Hollywood actors agreed to end their months-long strike after reaching a tentative agreement with studios on Wednesday, ending one of the biggest labor strikes in the film mecca’s history.
The Screen Actors Guild (SAG-AFTRA), the union that represents tens of thousands of actors, ended its 118-day midnight strike after reaching a deal with entertainment companies including Disney and Netflix. “We have reached a contract that will allow SAG-AFTRA members from every category to build sustainable careers,” the union said.
The new three-year contract – the product of hard negotiations – is valued at more than a billion dollars (934 million euros) and received support from the leadership of the actors’ union. SAG-AFTRA president and famous TV “Nanny” Fran Fraser commented on Instagram: “We did it!!! The $1+ billion deal!”.
The agreement is now expected to be ratified by the board of directors and union members.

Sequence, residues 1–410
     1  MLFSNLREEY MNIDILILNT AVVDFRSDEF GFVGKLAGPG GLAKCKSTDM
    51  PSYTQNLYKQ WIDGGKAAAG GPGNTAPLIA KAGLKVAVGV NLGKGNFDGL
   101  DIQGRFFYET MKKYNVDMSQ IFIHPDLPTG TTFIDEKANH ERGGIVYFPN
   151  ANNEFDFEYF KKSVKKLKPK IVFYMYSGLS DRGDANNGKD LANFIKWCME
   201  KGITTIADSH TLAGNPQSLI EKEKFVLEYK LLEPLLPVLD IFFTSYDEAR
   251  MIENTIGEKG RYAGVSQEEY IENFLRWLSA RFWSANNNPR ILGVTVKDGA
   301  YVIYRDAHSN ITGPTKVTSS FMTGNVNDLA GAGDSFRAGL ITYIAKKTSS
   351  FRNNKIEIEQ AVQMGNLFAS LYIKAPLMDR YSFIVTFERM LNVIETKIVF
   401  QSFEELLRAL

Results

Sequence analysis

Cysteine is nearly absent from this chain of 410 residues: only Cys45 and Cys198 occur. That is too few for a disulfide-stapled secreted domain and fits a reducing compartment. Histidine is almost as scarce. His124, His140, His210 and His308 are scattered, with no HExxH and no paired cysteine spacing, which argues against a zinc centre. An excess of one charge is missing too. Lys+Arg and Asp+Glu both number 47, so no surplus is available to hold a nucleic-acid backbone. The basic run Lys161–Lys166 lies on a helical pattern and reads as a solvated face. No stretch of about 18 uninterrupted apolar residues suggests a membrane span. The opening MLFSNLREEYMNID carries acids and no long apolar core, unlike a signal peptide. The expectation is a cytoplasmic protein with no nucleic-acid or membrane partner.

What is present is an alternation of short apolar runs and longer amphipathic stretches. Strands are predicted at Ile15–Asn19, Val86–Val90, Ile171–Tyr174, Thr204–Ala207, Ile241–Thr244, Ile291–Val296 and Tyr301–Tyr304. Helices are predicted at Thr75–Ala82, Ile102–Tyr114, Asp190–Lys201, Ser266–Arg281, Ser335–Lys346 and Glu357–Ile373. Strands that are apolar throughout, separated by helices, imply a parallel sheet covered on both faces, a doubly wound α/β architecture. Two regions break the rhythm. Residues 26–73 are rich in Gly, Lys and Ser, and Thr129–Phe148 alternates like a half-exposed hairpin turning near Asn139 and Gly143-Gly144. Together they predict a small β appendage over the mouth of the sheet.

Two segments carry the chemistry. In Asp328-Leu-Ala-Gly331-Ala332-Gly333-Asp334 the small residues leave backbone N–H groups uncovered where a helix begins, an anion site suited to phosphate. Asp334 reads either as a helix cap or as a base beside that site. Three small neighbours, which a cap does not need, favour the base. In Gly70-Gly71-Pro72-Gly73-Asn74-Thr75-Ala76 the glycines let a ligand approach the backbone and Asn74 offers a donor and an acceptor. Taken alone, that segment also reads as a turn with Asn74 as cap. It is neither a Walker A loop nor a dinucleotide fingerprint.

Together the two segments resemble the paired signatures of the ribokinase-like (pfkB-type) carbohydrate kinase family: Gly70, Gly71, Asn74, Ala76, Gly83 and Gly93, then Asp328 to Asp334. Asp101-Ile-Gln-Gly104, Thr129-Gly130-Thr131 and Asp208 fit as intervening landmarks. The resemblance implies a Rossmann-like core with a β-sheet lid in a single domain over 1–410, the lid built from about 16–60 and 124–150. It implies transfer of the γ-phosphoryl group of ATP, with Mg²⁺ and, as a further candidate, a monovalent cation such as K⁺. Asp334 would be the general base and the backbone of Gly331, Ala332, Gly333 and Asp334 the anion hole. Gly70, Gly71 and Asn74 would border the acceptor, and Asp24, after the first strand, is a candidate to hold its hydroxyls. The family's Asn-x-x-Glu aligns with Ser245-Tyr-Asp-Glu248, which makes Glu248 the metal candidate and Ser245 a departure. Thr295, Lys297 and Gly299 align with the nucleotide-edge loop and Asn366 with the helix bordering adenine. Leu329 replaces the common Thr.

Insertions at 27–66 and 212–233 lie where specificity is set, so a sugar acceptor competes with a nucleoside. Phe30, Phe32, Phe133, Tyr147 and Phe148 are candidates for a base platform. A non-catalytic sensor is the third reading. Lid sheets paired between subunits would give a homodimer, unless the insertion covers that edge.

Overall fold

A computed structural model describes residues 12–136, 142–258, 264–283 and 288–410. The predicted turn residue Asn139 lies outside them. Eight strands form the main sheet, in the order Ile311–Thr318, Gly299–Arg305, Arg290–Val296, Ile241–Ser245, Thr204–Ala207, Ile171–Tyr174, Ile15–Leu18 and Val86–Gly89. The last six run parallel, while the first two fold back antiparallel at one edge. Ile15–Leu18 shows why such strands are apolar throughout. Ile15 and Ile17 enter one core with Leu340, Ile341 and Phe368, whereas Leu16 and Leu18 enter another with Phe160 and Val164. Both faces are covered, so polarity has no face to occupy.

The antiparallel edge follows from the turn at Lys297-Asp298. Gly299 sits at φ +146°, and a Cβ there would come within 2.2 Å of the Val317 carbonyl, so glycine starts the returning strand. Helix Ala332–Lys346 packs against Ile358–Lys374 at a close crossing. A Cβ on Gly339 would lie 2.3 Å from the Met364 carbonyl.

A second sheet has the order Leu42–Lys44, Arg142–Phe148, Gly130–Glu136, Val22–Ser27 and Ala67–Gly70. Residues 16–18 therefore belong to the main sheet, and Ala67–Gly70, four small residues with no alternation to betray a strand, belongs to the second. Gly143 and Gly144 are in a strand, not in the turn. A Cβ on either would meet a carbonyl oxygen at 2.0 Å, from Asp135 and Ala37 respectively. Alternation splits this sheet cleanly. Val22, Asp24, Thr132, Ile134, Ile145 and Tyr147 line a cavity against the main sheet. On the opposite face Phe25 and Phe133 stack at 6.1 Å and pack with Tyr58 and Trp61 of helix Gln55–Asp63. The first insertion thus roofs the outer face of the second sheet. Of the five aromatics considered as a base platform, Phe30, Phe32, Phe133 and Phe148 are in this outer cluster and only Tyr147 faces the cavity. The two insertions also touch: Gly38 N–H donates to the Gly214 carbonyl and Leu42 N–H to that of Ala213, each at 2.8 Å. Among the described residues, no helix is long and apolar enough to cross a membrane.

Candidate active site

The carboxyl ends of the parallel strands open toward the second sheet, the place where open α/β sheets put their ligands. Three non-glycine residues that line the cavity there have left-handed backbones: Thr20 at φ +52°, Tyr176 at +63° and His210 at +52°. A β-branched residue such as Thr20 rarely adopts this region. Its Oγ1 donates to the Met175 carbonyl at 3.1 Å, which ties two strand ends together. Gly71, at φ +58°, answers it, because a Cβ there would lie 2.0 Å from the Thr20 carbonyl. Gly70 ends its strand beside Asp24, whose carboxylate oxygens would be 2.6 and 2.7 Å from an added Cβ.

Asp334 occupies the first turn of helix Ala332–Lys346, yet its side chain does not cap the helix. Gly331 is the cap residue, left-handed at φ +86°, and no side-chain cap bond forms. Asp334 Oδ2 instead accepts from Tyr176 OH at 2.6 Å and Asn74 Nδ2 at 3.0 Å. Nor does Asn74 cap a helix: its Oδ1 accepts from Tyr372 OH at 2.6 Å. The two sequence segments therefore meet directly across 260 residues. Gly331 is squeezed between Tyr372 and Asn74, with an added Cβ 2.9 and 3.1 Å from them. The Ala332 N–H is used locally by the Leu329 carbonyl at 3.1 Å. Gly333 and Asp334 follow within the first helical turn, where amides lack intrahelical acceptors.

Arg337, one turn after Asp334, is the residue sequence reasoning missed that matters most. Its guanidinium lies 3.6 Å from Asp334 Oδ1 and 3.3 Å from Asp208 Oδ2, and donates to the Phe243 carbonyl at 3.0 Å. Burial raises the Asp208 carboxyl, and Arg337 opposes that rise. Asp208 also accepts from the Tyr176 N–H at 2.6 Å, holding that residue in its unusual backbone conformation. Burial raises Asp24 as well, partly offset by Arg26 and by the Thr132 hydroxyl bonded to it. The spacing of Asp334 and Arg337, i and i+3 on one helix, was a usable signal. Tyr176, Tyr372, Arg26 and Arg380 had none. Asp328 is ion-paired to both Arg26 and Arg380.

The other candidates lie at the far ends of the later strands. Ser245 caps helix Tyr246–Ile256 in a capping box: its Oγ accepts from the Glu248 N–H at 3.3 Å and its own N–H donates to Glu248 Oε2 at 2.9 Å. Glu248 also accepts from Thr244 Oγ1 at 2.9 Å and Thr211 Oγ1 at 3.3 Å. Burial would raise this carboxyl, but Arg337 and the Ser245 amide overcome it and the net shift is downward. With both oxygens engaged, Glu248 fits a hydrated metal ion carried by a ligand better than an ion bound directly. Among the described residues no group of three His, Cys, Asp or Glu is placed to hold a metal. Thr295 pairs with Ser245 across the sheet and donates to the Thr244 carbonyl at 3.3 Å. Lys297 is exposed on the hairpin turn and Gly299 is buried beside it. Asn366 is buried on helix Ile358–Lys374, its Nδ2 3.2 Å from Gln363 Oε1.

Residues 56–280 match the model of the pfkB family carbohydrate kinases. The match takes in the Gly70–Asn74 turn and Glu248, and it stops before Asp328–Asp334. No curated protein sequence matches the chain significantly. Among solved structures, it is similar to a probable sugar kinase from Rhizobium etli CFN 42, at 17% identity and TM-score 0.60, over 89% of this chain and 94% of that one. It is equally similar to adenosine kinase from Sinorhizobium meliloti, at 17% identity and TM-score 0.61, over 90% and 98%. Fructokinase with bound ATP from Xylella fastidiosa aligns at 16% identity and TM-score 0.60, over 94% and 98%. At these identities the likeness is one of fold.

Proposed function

What’s in the deal?
The minimum pay for the actors is expected to increase by about 8% compared to the previous contract, a compromise for both sides, as the increase is less than what the actors originally sought, but more than what the writers later got. their strike.
Hollywood actors’ strike: 100 days of strikes, negotiations resume
Mission Impossible: Actors’ strike delays 8th action film
The tentative deal also includes a new “continuing show participation” bonus, better health care funding and guarantees that studios won’t use artificial intelligence to create digital copies of actors without payment or approval.
The actors return to the sets
According to the Milken Institute, the actors’ strike has cost California more than $6 billion (5.6 billion euros), while also affecting other workers in the film industry, who have been out of work all this time.
Los Angeles Mayor Karen Bass hailed the “fair deal” reached Wednesday, noting that the strikes “have affected millions in Los Angeles and across the country.” “Now, we must rely on local production to ensure that our entertainment industry bounces back stronger than ever and that our economy can get back on its feet,” he said.